Gunmen Besiege Kabul Compound as Afghans Mourn Shite Dead

Relatives pray near to the dead bodies of civilians after Wednesday's deadly suicide bombing that targeted a training class in a private building in the Shiite neighborhood of Dasht-i Barcha, in western Kabul, Afghanistan, Thursday, Aug. 16, 2018. (AP Photo/Rahmat Gul)
Relatives pray near to the dead bodies of civilians after Wednesday's deadly suicide bombing that targeted a training class in a private building in the Shiite neighborhood of Dasht-i Barcha, in western Kabul, Afghanistan, Thursday, Aug. 16, 2018. (AP Photo/Rahmat Gul)

KABUL, Afghanistan — Gunmen besieged a compound belonging to the Afghan intelligence service in Kabul on Thursday, police said, as the city's Shiite residents held funeral services for the victims of a horrific suicide bombing the previous day that left 34 dead.

Police officer Abdul Rahman told The Associated Press from the location of the morning siege in a northwestern neighborhood of Kabul that the gunmen were holed up in a partially constructed building near the compound from where they were opening fire.

The shooting — which underscored the near-daily, persistent threats in war-battered Afghanistan — was sporadic and it wasn't immediately clear how many gunmen are involved in the assault. Afghan security personnel have surrounded the building and have the situation under control, he said.

Kabul's police spokesman, Hashmat Stanekzi, said there were no immediate reports of casualties.

Authorities meanwhile revised the death toll from Wednesday's bombing in Kabul's neighborhood of Dasht-e-Barchi to 34 killed, not 48.

Most of the victims were young men and women, high school graduates preparing for university entrance exams in the Shiite area's educational center when the bomber walked into the building and blew himself up.

The city's hospitals were overwhelmed in the immediate aftermath of the bombing as officials collected data on the casualties, leading to the confusion and the wrong toll.

The Dasht-e-Barchi area is populated by members of Afghanistan's minority ethnic Hazaras — a Shiite community that has in the past been targeted by similar large-scale attacks such as the Wednesday bombing, which also wounded 56 people, according to Health Ministry spokesman Wahid Majroh.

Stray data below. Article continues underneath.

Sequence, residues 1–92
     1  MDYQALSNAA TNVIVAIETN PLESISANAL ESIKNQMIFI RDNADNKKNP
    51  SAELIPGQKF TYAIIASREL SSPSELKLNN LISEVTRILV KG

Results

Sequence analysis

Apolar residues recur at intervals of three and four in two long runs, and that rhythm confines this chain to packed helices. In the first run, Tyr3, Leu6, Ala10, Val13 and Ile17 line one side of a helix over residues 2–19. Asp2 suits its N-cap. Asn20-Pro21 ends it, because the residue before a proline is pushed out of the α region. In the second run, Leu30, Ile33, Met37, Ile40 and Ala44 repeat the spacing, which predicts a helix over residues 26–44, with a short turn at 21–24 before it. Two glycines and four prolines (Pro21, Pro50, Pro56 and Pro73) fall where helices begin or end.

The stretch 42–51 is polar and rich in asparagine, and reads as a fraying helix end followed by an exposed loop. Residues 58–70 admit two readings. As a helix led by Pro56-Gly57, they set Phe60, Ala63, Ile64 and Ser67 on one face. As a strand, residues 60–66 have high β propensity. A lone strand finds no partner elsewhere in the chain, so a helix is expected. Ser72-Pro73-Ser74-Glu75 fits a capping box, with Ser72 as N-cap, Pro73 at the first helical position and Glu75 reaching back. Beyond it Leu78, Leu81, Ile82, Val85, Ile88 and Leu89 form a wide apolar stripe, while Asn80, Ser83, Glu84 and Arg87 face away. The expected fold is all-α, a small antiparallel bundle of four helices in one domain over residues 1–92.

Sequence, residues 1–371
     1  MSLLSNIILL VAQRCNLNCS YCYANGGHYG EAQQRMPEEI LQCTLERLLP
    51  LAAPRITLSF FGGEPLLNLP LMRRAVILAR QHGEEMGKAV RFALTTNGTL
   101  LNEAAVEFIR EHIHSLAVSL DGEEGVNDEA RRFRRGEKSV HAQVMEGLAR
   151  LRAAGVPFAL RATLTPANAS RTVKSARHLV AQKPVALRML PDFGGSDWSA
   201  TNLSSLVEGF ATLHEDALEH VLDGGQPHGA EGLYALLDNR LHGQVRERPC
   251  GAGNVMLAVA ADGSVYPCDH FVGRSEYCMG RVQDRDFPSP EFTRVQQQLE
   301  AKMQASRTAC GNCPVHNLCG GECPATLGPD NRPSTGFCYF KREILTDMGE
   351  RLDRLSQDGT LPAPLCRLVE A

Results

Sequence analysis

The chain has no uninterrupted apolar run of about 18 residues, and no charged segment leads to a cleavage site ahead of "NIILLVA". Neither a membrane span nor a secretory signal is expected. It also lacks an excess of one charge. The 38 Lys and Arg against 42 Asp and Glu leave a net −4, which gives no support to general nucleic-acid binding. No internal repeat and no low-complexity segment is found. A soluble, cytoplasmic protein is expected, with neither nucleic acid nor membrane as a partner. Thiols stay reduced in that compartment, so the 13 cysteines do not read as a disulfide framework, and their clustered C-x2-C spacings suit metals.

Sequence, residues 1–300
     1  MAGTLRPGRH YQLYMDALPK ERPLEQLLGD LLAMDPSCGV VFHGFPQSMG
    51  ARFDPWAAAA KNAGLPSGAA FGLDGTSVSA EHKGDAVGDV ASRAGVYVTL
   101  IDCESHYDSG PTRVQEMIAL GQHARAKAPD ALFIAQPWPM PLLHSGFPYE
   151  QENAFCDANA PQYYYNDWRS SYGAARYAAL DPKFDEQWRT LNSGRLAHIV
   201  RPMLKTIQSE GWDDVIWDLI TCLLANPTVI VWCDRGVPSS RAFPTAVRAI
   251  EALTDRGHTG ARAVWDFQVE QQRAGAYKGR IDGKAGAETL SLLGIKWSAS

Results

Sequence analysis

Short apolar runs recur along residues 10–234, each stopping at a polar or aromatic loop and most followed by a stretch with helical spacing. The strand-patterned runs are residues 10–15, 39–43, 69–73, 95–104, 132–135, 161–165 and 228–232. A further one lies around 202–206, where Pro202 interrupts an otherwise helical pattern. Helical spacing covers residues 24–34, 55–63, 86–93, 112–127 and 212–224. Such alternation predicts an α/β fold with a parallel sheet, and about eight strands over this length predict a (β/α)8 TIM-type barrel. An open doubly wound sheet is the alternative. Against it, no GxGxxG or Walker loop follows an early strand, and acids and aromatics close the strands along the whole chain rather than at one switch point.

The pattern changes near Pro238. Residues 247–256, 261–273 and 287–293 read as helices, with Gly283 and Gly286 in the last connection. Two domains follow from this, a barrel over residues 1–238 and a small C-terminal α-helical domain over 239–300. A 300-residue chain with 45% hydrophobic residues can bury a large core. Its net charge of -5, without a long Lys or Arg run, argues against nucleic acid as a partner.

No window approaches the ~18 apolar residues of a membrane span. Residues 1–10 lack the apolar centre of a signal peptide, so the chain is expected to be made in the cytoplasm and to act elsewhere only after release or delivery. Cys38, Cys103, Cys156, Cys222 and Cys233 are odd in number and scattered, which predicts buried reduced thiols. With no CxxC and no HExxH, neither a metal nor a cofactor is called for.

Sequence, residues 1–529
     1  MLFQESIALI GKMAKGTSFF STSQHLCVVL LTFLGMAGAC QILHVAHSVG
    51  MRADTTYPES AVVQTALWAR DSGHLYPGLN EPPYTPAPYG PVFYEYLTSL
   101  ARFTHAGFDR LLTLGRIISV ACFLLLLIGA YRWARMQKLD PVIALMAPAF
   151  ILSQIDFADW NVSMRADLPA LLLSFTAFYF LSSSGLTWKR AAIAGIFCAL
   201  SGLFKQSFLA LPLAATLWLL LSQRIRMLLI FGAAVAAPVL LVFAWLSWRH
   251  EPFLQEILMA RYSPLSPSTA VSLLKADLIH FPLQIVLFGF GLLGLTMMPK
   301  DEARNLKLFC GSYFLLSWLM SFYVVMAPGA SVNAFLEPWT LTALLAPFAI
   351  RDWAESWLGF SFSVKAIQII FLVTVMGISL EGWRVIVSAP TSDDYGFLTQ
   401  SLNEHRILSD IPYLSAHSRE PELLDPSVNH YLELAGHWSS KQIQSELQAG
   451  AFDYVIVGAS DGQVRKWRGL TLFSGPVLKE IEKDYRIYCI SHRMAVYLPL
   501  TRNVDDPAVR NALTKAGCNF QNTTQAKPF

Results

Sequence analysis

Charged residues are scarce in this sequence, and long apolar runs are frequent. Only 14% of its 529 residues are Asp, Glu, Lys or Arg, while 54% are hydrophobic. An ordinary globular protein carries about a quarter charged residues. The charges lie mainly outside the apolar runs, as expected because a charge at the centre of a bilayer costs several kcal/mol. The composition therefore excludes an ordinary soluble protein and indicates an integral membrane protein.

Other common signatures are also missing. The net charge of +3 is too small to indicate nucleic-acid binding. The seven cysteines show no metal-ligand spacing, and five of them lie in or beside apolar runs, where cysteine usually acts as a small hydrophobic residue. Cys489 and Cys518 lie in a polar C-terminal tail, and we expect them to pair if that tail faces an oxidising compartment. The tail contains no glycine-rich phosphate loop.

No one has so far claimed responsibility for the bombing but officials blame the Islamic State group, which considers Shiites to be heretics and frequently targets them, attacking their mosques, schools and cultural centers.

In the past two years, there have been at least 13 attacks on the Shiite community in Kabul alone.

Fifteen of the victims' bodies were taken Thursday to a Hazara community compound in Kabul where a mass funeral service was being held. The remaining victims will be taken to their villages to be buried there, said Gulam Hassan, the cousin of one of the victims.

The attacks, which come at the end of more than a week of assaults that have left scores of Afghan troops and civilians dead, also show how militants are still able to stage large-scale attacks — even in the capital of Kabul — and undermine efforts by Afghan forces to provide security and stability on their own.

Afghan President Ashraf Ghani has condemned the "terrorist" attack on the Shiite center in Kabul that "martyred and wounded the innocent" — students attending class — and ordered an investigation into the attack.

In a Kabul hospital on Thursday, Anifa Ahmadi sat by the bedside of her 17-year-old daughter Sima, who was wounded in the suicide bombing.

Sima was in the front row of the classroom in the single-room building where the explosion occurred.

"I had told her and told her, 'Don't go to school. We are under attack everywhere. No place is safe for us.' But she said 'No, no, no'," the mother said.

But Sima appeared undeterred despite injuries to her legs and arms and said she would go back to school. "I won't let anyone stop me, I will resist all terrorist attacks to have the future I want," she said.

Nahida Rahimi, a doctor at Kabul's Isteqlal Hospital, where some of the wounded are being treated, said a mother told her she had lost a son in Wednesday's bombing after already losing another a year earlier in another suicide bombing, also in Kabul, that targeted Shiites.

"We were both crying," the doctor said.

This article was written by Amir Shah from The Associated Press and was legally licensed through the NewsCred publisher network. Please direct all licensing questions to legal@newscred.com.

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